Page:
“Today, our available accommodations inventory currently stands at just over 1,400, representing almost 85% of our inventory pre-Dorian,” notes Churchill.

Its cruise port is again operating at 100%, tours and attractions are up to 85% restored and air service is back to 75%.

Some residential areas are still recovering from the damage, but many homeowners and locals insist the best way to help the destination rebound is by continuing to visit.

“Our tourism product started coming back on stream as more and more visitors were able to hop on a flight or board a cruise or ferry,”
says Churchill. “Starting in mid-September, we received weekly updates from our hotel partners confirming that they were open for business, and tours and excursions likewise returned to normal services with the increased demand.”

Sunwing was one of the first airlines to resume service to the destination with seasonal flights from Toronto and Montreal from Dec. 14, 2019 through April.

“We value Grand Bahama immensely as a destination and welcomed the opportunity to reinstate our flight service this winter,” says Deana Murphy, Vice President of Retail Sales at Sunwing. “Consumer demand is always a key factor when we are appraising whether to increase the number of resort options in any destination. With regards to Grand Bahama, we are already working with a number of key resorts on the island that are consistently popular with our clientele including Viva Wyndham Fortuna Beach, Pelican Bay Hotel and Island Seas Resort. However, our product team is always on the lookout for additional options.”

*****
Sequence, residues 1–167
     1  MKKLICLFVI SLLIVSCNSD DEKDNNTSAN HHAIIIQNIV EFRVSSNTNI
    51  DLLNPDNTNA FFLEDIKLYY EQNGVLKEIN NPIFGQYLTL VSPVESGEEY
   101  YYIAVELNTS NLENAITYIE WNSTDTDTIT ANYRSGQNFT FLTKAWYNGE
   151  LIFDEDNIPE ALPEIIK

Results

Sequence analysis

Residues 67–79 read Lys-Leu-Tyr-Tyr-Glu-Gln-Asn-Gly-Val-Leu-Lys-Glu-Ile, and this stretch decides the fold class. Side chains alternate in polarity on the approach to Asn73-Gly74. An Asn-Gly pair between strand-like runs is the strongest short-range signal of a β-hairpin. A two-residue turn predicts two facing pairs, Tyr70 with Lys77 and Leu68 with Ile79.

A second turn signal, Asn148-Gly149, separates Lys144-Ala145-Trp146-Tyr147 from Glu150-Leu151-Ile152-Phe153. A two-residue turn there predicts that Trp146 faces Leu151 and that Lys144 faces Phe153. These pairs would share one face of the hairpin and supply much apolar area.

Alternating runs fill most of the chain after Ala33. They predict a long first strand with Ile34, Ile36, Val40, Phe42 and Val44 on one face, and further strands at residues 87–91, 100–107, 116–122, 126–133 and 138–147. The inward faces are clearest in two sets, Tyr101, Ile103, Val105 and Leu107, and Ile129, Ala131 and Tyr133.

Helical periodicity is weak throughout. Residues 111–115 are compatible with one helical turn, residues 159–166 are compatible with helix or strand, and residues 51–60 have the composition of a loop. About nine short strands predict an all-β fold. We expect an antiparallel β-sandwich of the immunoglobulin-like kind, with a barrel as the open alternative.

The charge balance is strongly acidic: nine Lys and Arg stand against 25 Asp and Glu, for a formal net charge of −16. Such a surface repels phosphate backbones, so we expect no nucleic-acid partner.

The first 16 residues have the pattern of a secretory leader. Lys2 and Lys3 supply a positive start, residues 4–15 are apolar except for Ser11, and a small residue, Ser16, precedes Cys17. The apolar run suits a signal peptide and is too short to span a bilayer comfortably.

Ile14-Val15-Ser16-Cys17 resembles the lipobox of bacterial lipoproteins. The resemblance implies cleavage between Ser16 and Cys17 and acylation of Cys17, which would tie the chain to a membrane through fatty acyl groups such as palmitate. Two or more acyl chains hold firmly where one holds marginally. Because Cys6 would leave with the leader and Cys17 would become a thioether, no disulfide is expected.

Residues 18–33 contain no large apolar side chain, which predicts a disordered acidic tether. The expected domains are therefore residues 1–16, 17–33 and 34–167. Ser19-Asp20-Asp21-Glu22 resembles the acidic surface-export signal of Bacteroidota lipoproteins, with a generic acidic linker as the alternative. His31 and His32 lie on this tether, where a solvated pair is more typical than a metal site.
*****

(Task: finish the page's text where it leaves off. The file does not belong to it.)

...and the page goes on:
On Feb. 13, American Airlines returned with service from Miami, a major hub for North American travellers.

After the US, Johnson says Canada remains their largest international market.

“It’s good to see the Canadian visitors here, it’s good to see Sunwing coming here,” he says. “Canadians have always loved The Bahamas. French Canadians came here years ago before they ventured to Nassau. Back in the late 80s, we had 20,000 Canadians going to explore the west side of Grand Bahama at what was then the Jack Tar Village.”


With Royal Caribbean International and Mexico’s ITM set to purchase the Grand Lucayan Resort with plans to transform the hotel, develop a water-based adventure parks and redevelop Freeport Harbour, as well as a $100 million cruise port development by Carnival Cruise Line and speculations of airport upgrades or a new airport in the pipeline, Grand Bahama’s profile is expected to rise in the coming years.

Ben’s Cave in Lucayan National Park is part of one of the longest underwater cave systems in the world.